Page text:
The Mosquito Lagoon is known for holding consistent numbers of "Monster" "Bull" Redfish (Red Drum) and huge "Gator" Trout (Spotted Seatrout). Most locals consider this the Redfish Capitol of the World. A few things you should know when fishing here;
- The fish species you are targeting. (see Redfish and Trout below)
- The area that you will be navigating. (see Top Spot Map Below)
- Permits needed. (see Permits below)
- Places to stay. (Thats easy OAK HILL FISH CAMP see below)
The most important things are to come and enjoy yourself, pass the passion and knowledge down to the next generation, and FISH OFTEN.
Not less that 18" or more than 27".
1 per harvester per day. South Zone. With a vessel possession limit of 8 fish.
◾Chin without barbels
◾Copper-bronze body; lighter in clear waters
◾1 to many spots at the base of the tail
◾Mouth horizontal and opens downward
In winter, redfish are found in seagrass, over muddy or sand bottoms, or near oyster bars or spring fed creeks.
Juvenile redfish are an inshore species until they reach roughly 30 inches (4 years). They then migrate to the nearshore population.
52 lb 5 oz, caught near Cocoa (1996)
Fishing Tips and Facts:
Red drum are one of Florida’s most popular sport fish and the state’s most widespread estuarine fish. Floating a live shrimp under a popping cork is a good way to fish for redfish. They also chase crabs, mullet, pinfish and killifish (mud minnows). Casting soft-bodied jigs, spoons and even top-water plugs will catch the attention of these powerful estuarine musicians. Redfish make great table fare.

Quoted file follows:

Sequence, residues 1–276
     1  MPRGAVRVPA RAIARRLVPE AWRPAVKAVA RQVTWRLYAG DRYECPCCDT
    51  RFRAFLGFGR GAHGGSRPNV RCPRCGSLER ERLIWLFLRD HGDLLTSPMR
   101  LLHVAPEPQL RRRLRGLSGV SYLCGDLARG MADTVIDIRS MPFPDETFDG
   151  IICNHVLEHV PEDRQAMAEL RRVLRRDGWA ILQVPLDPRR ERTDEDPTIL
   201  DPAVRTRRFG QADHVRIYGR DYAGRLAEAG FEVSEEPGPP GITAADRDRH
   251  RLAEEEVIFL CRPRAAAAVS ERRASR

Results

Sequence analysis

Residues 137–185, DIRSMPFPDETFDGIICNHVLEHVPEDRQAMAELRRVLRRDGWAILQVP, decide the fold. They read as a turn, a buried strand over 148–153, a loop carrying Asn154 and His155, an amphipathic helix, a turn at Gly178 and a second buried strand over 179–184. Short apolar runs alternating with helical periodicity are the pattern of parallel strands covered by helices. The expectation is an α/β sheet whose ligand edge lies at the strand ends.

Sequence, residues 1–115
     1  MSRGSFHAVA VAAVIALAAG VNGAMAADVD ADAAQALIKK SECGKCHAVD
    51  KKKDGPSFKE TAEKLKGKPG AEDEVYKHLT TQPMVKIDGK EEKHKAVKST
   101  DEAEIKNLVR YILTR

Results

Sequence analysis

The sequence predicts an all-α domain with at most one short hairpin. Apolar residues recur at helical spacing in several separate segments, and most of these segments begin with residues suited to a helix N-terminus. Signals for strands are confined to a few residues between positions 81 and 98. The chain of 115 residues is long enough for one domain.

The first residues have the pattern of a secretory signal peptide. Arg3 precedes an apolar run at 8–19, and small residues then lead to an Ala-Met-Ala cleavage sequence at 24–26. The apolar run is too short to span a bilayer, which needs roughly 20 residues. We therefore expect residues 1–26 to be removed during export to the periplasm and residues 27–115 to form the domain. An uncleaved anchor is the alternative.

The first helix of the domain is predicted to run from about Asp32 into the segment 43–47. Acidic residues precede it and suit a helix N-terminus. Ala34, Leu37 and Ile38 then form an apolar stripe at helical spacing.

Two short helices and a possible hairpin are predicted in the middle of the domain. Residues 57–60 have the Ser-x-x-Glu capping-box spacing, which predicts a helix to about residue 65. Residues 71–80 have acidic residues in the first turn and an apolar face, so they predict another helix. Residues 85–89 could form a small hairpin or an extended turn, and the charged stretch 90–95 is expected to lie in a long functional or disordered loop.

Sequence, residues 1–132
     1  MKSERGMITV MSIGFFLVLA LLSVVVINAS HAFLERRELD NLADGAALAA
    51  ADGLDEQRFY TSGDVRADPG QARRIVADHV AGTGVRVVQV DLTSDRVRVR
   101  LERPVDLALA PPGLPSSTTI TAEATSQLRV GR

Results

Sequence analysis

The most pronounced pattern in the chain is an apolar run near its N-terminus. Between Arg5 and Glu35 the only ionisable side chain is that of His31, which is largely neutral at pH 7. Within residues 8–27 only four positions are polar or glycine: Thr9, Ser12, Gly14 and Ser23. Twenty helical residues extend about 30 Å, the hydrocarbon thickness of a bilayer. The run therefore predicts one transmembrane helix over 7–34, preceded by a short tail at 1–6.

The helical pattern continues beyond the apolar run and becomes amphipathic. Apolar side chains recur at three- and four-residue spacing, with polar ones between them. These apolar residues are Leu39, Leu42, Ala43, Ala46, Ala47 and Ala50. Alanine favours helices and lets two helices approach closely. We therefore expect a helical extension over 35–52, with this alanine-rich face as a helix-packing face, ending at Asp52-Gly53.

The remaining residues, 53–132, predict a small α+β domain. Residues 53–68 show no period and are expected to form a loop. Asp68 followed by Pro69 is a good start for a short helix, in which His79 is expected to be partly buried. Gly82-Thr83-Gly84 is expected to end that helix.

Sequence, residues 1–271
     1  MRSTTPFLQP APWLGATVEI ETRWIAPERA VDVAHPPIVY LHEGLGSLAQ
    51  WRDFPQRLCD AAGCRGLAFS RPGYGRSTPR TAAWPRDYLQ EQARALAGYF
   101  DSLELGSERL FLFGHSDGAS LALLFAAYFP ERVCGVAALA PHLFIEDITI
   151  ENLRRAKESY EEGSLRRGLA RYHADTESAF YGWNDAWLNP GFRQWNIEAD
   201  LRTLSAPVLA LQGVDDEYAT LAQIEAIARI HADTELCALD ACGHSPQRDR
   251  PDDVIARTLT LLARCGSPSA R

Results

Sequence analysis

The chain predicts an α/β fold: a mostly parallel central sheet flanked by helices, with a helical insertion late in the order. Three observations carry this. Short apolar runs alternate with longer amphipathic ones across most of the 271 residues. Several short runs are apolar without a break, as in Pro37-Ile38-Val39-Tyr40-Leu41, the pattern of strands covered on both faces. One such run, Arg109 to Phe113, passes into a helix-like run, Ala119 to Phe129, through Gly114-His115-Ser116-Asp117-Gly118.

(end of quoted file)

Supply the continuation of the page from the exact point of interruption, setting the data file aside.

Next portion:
Redfish are prodigious spawners that produce tens of millions of eggs. Spawning season is from about August through December, in passes, inlets and lagoon estuaries around the state. During spawning season, redfish use special muscles rubbing against their air bladder to produce a "drumming" sound for which they are named.
Image Credit: Diane Rome Peebles
Not less that 15" or more than 20" (statewide).
Except 1 fish over 20" per person.
4 per harvester per day. S.E. Zone.
◾Dark gray or green above, with sky-blue tinges shading to silvery and white below
◾Numerous distinct round black spots on back, extending to the dorsal fin and tail
◾No barbels and no scales on the soft dorsal fin
◾1 or 2 prominent canine teeth usually present at tip of upper jaw
Seatrout found inshore and nearshore in and around seagrass meadows, mangrove-fringed shorelines, deep holes and channels and above oyster bars.
Spawning occurs inshore from March through November. Spotted setrout move into deeper, still waters during colder months. They feed on baitfish, mullet, shrimp and crabs.
17 lb 7 oz, caught near Ft. Pierce
Free-line live shrimp or small pinfish or pigfish (grunts) near the bottom to entice trout out of grass-bed holes. Attaching a float will allow these baits to drift over the grass beds as you search for trout. Casting with soft-bodied jigs, top-water poppers and spoons can be effective. Trout are very delicate, so returning unwanted or illegal fish promptly to the water is necessary to maintain a healthy population. Spotted seatrout are a good eating fish.
Spotted seatrout reach 3 feet and 15 pounds but are common in the 4-pound range.
There are 2 licenses that a person needs to fish the Mosquito Lagoon. The first is the recreational saltwater fishing license that you can get in advance at myfwc.com. (see below) The second license is the Merritt Island rules and regulations license, which you just need to read, print out and have with you when fishing. (see below)
Resident Saltwater Fishing - 12 Month
Authorizes the holder to take or attempt to take saltwater fish, crabs, clams or other saltwater organisms (other than non-living seashells).
Non-resident Saltwater Fishing - 12 Month